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What skills do Americans need in order to get a decent job today? This question is at the core of several contentious, long-running economic and policy debates. Some explain exploding earnings inequality as a result of accelerating technology and skill demands. Others point to the changing balance of power between employees and employers as unions have shrunk and the job market has weakened.
The first narrative variously asserts that technical changes are rendering a large swath of American workers redundant or that the changes are creating a polarized world in which fewer jobs are available in the middle of the skill distribution while openings in high- and low-skill occupations are on the rise. Critics of this view note that direct measures of skill demands indicate only modest increases and that the Bureau of Labor Statistics’ employment projections generally show that most openings in the coming decade will be in middle-skill jobs.
This debate over skill demands is also relevant to the high unemployment rates that have plagued the U.S. economy since 2008. One camp blames unemployment on structural factors in the American economy, including obstacles to geographic mobility and mismatches between the skills that employers need and the skills that American workers possess. Others point to data that are more consistent with a cyclical shortfall in aggregate demand for workers—that is, the problem isn’t a lack of skilled labor but rather a slow recovery that hasn’t yet produced enough jobs. Which side is right?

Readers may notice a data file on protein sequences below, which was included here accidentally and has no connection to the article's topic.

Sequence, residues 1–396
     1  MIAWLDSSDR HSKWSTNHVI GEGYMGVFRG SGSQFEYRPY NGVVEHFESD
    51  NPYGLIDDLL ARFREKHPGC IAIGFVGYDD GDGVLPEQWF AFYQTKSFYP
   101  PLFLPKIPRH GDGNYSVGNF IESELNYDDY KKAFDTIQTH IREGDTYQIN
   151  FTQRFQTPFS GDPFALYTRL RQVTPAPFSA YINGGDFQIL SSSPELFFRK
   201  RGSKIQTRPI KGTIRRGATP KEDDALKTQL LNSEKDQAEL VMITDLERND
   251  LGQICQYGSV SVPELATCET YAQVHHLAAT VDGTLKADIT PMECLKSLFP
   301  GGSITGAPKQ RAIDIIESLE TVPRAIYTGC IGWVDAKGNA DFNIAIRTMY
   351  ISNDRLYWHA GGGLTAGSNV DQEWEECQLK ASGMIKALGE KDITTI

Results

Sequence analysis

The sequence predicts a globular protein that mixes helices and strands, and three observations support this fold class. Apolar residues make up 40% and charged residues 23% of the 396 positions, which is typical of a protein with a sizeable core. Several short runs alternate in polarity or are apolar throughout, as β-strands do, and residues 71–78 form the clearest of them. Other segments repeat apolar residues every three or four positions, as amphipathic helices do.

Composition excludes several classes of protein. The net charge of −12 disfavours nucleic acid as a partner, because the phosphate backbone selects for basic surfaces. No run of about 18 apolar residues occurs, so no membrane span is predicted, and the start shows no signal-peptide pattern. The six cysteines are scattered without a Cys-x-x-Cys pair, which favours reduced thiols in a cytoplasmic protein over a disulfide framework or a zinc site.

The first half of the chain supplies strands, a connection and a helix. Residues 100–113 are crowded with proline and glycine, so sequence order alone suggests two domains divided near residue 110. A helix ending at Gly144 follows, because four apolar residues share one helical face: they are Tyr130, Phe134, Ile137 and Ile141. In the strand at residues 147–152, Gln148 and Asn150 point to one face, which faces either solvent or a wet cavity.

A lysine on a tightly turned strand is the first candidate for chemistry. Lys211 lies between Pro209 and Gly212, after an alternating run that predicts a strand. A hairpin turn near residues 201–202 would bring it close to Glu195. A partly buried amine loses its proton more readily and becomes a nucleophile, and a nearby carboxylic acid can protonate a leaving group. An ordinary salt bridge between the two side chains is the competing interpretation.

To find out, we conducted a nationally representative survey of manufacturers. We asked concrete questions about the skills these manufacturers look for in “core” production workers, a group that represents about 70 percent of manufacturing employees. We found that while a strong back is clearly no longer enough, the skills that employers seek are well within reach. Basic academic skills are important. Employers want workers who can read simple instruction manuals, write short notes and reports, and add, subtract, multiply, and divide. Employers also want interpersonal skills—cooperation and teamwork. High school graduates should possess all of these skills. Many manufacturers are not interested in more advanced skills. Those that are seek community college–level abilities, and these too are attainable by the vast majority of employees.
Technology is by no means putting most jobs out of the reach of most people, and the average American worker need not inevitably be overtaken by “progress.” Once the economy is back on track—and here investment in infrastructure and support of local-government employment to stimulate aggregate demand are essential—well-designed education and training programs, along with a renewed national commitment to economic equity, will enable most Americans to succeed.
Andrew Weaver is a PhD student at the MIT Sloan School of Management.
Paul Osterman is Nanyang Technological University Professor of Human Resources and Management at the MIT Sloan School and author of Good Jobs America: Making Work Better for Everyone.
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